3,020,545
6
Meanwhileshaft rotations 24 through 29 are fed from
tentiometer 65 is proportional to XI,2 and the voltage in
arm 67 of potentiometer 69 is proportional to Ypg.
Arms 63 and 67 ,feed voltage signals to summing ampli
input controls 3 to potentiometers 30 through 35. These
potentiometers, 36 through 35, are energized by signals
from double pole switches 36 through 41, each of which
?er 52 wherein XD2 and Y;,2 are added and their sum
is positioned from manual controls 3. The poles of
then fed to each of quadratic equation solvers 46, 47,
switches 37, 39, and 41 are energized by signals indica
and 48. The outputs of ampli?ersltd and 45 are each
tive of +Yp or —Y,, from ampli?ers 44 and 45, respec
fed to one pole or the other of the polesof double pole
tively, in the manner shown, while the poles of switches
switches 37, 3?, and 41, while the outputs of ampli?ers
36, 38, and 4% are energized by signals indicative of
42 and 43 are each fed to one or the other of the poles
-|-Xp or ~Xp from ampli?ers 42 and 43, respectively. 10 of double pole switches 36, 38, and 4%. The output of
Thus the ouput voltages from potentiometers 34) through
ampli?ers 42, and 44 also provide signals to Xp indicator
35 provide the factors Xp cos¢ and Yp sin ¢, of the
'13 and Yp indicator 14, respectively.
proper sign to their appropriate quadratic equation solv
The ?eld coils of servomotors '66 and 61 are ener
ers 46, 47, and 43, which solve Equations 3, 4, and 5,
gized by signals from double pole double throw switch
respectively. Mechanical couplings 49, 5tl,land 51 feed ~
76' so that depending upon the position of switch 76, a
shaft rotations proportional to
given signal to each servomotor from its associated servo
ampli?er will cause the motor to rotate in one direction
or the other. Double pole double throw switch 70 isv
1
7 and '27);
positioned by mechanical linkage 71, which is operated
to quadratic .solvers 46, 47, and 48, respectively. Each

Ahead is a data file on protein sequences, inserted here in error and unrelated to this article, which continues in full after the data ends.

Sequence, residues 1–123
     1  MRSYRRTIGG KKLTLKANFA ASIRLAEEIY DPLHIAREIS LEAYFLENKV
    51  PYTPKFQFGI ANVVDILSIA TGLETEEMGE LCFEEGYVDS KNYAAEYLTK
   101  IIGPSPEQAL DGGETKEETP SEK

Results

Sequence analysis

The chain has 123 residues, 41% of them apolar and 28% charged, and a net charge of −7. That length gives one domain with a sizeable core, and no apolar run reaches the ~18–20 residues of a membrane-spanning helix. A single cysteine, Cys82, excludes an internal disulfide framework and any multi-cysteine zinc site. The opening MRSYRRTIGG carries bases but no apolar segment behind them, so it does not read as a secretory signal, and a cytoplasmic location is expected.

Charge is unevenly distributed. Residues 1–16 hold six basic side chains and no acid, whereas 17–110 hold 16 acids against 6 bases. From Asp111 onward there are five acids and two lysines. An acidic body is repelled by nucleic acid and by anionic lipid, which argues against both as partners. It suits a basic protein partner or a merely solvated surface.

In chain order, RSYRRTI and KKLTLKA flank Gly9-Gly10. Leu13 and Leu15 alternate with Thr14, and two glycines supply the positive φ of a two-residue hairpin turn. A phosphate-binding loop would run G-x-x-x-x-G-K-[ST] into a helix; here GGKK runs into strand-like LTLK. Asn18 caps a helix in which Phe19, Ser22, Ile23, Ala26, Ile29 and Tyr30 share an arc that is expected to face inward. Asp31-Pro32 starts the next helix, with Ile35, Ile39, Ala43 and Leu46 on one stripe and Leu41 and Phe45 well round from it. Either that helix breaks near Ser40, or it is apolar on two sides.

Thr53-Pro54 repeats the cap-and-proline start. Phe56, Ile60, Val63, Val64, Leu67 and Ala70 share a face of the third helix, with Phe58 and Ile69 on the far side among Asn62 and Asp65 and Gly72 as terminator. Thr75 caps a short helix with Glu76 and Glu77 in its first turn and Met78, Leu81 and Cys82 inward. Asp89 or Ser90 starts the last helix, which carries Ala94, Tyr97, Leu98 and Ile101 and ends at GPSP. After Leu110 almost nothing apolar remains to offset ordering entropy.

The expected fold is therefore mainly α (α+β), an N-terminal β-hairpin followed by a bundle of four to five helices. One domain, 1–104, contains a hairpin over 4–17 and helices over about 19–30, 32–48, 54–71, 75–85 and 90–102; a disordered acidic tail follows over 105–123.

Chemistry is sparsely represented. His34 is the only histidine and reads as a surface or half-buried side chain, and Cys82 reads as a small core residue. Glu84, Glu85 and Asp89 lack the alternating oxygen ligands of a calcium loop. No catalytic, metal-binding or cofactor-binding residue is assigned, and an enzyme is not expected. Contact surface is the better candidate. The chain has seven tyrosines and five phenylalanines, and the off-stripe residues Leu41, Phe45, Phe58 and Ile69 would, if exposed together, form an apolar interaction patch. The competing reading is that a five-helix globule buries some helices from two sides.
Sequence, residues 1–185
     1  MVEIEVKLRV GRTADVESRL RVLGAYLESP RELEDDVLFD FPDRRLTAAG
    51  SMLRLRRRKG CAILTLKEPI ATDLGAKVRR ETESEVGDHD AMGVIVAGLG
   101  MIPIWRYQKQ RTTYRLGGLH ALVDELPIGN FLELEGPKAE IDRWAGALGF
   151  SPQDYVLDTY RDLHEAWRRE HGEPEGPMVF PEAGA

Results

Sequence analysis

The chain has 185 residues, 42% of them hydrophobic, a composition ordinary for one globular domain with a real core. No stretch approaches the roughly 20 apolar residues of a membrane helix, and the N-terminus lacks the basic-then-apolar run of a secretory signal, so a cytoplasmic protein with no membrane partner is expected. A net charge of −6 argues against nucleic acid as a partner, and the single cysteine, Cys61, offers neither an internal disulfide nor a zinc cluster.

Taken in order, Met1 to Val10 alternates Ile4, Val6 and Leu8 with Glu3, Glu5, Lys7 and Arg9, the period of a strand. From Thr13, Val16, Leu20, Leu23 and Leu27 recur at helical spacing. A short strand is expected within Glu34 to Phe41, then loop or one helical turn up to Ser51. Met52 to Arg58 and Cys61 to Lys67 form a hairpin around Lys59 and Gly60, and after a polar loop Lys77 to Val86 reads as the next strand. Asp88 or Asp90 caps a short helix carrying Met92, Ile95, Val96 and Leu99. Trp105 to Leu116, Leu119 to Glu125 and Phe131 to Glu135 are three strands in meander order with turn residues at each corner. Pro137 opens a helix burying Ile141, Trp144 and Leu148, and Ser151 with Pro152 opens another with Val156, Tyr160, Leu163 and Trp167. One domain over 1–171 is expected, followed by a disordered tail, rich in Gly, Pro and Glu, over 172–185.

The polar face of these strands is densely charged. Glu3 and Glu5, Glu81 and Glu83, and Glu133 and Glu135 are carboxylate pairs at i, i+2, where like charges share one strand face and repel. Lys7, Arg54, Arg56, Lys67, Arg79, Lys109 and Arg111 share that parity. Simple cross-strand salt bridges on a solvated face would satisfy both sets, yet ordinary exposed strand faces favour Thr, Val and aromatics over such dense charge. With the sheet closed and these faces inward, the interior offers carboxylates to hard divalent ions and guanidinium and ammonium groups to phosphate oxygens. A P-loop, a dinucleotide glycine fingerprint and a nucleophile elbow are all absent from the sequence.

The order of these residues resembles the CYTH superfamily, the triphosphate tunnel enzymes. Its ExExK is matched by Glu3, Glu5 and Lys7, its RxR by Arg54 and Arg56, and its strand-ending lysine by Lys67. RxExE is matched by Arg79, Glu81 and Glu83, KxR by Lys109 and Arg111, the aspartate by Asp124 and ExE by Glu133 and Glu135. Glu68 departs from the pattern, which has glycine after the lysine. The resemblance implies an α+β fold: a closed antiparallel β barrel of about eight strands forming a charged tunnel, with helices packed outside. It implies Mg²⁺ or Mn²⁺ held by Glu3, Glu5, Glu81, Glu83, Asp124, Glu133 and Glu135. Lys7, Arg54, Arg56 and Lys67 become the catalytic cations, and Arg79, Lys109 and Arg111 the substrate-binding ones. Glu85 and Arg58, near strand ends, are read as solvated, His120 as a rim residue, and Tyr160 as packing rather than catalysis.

quadratic equation solver is also fed a signal propor
tional to Xpz-l-Yp2 from summing ampli?er 52 via lines
52a. Thus all the values required to solve, Equations 3,
.4, and 5 for ADI, AD2, and ADm are fed to quadratic 25
equation solvers 46, 47, and 48, respectively.
The outputs from the quadratic equation solvers 4-5
and 47, which are indicative of AD1 and A132, respectively,
from manual input controls 3 depending upon the op
eration of the position computer as evidenced by XD
and Yp indicators 13 and 14, respectively. if these indi
cators present values of XI, and Yp which appear un
stable or change considerably more than is expected from
the motion of the Loran receiver when switch 70 is in
one position, then switch 78 should be positioned in its
‘other position. Potentiometers 30 and 31, 32 and?f’l,
and 34 and 35 are mechanically driven from manual
are fed to double pole double throw switch 53 which is
input controls 3 to yield the sine or cosine function of
positioned by mechanical coupling 54 from manual input 30 angles p1, ¢2, and ¢m, respectively, by mechanical cou
controls 3. Thus the outputs from quadratic equation
plings 24 to 29, respectively, as shown in FIG. 3A.
solvers 46 and 47 are each fed to different ones of sum
Since the angles ¢1, ¢2, and qbm are known (see FIG. 1)